Academic journal article Medium Aevum

Narrateur et Points De Vue Dans la Litterature Francaise Medievale: Une Aoorice Linguistique

Academic journal article Medium Aevum

Narrateur et Points De Vue Dans la Litterature Francaise Medievale: Une Aoorice Linguistique

Article excerpt

Sophie Marnette, Narrateur et points de vue dans la litterature francaise medievale: une approche linguistique (Bern: Peter Lang, 1998). 262 pp. ISBN 3-906760-92-8. L23.00.

This volume adopts the very interesting strategy of analysing narratorial and/ or authorial point of view by applying the techniques and principles of discourse analysis and pragmatics. The introductory chapter is concerned with establishing for readers of medieval literature not familiar with the theory and practice of linguistics the framework within which the following study will be conducted. It is also concerned with theoretical distinctions between author (real and implied or inscribed) and narrator. For the purposes of the book Sophie Marnette ignores questions relating to the first category (`real' or extra-textual author) and conflates the second and third into a universal figure of the narrator, who in epic and similar texts is also equated, perhaps less felicitously, with the jongleur or reciter of the text.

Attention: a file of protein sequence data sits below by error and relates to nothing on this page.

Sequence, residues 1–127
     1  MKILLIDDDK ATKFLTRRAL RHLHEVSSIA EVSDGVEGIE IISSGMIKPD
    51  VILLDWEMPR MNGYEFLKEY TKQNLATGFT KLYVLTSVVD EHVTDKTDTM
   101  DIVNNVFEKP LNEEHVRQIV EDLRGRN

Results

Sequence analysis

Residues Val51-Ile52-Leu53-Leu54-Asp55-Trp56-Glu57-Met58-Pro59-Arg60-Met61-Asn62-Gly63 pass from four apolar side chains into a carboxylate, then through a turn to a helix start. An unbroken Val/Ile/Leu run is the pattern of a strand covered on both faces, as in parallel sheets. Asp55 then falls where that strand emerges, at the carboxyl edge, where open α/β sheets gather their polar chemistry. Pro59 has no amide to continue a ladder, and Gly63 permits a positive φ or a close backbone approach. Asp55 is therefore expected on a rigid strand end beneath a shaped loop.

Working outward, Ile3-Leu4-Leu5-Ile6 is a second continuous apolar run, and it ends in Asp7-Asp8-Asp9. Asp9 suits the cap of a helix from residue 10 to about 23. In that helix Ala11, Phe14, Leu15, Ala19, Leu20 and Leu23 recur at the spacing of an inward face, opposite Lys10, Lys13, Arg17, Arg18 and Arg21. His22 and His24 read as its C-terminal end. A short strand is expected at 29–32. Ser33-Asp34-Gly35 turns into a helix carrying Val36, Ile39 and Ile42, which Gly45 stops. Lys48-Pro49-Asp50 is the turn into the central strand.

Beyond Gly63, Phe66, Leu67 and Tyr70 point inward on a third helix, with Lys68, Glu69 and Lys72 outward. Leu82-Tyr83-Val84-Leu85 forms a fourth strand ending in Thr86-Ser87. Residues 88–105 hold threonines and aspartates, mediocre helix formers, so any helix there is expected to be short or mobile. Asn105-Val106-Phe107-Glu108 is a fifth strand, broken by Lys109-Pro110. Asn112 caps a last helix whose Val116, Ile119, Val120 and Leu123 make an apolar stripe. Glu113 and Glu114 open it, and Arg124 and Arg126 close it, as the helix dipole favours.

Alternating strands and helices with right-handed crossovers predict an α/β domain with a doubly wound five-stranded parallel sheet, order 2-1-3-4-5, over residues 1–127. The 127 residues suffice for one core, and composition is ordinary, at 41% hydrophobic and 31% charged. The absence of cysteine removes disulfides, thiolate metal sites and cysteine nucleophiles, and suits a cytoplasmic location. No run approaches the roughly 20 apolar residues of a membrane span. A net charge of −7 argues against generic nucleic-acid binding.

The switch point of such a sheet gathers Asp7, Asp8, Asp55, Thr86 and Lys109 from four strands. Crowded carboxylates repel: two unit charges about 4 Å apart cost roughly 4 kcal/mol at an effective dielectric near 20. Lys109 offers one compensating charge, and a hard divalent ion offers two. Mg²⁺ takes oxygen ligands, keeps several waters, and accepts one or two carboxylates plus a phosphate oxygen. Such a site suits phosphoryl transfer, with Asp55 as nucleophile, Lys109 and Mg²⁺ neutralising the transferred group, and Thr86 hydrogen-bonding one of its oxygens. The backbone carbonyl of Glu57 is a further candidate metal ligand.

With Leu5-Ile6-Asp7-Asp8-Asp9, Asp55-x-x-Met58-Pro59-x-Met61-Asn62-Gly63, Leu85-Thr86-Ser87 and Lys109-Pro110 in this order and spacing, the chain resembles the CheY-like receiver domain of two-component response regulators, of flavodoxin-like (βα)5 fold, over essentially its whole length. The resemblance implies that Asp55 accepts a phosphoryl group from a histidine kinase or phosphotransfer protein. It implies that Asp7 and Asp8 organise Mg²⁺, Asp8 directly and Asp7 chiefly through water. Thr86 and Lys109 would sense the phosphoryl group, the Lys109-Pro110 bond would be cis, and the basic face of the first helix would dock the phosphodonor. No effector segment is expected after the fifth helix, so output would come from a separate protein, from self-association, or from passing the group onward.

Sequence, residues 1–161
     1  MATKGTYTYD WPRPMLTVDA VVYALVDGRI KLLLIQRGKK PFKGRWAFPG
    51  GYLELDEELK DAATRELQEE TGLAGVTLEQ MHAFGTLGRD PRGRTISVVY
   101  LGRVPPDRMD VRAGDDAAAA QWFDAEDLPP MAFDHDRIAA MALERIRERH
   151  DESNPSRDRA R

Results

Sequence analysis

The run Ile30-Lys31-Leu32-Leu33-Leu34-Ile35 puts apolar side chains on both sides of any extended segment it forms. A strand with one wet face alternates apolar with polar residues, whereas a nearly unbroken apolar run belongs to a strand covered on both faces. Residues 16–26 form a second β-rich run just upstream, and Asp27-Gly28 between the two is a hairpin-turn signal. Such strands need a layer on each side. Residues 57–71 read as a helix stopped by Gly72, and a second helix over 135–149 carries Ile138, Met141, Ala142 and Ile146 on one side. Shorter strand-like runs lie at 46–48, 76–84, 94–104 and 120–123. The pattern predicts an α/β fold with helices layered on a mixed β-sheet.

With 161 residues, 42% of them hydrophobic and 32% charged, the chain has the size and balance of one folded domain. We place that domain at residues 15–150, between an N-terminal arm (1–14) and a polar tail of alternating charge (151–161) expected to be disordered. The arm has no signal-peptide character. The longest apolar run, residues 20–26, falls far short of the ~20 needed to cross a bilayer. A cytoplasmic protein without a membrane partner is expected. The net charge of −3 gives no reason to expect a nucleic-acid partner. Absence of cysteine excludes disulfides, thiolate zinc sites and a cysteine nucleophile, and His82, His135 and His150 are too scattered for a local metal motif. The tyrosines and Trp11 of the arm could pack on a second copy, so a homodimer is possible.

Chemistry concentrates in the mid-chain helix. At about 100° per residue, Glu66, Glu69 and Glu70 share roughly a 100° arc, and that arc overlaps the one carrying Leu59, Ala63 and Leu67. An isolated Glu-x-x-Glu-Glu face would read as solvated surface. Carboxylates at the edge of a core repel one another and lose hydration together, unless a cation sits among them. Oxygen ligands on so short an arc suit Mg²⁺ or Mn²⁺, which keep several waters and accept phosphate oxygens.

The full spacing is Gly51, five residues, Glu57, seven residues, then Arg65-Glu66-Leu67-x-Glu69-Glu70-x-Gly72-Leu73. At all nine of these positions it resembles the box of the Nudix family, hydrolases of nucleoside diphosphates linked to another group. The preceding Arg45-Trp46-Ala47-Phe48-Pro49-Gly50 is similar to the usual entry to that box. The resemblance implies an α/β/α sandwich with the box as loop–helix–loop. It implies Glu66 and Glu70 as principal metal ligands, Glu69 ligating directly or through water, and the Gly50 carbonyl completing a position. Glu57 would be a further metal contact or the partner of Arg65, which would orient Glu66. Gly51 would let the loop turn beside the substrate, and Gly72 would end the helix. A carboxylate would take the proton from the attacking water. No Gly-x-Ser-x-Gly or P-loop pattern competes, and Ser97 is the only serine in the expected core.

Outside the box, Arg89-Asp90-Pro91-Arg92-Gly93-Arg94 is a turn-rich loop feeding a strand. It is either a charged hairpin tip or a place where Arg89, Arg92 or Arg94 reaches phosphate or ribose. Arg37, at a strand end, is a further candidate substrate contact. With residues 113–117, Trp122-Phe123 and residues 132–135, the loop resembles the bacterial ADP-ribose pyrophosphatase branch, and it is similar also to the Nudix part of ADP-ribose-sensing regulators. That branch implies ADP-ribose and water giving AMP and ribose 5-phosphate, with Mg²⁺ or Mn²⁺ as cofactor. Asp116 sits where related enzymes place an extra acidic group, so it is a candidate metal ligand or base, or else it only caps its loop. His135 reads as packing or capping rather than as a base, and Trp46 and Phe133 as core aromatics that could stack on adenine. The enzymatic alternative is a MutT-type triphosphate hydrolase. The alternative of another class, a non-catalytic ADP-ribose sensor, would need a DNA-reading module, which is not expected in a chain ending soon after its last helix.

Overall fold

The three main parts of the study look in turn at narratorial control of and commentary on the narrative, the narrator's control of the discourse of characters through the use of direct, indirect, and free indirect speech, and finally the question of location of the source of point of view in relation to the narrative and the discourse of the characters. One way in which the underlying linguistic theory is narrowed for application is that little attention is paid to context (micro or macro) in the analyses, which tend to rely on a statistical approach to the use of verb forms and tenses, or, for direct and indirect speech, the presence or absence of a verbum dicendi and the use of certain deictics of time and place to indicate means of narratorial control and comment. The statistical bases of the study are well represented by the twenty-- two column-graphs, which reveal some interesting distinctions between groups of texts, but which, by compiling information rather than figuring the cluster and scatter of information, sometimes give a misleading view of relationships between works. …

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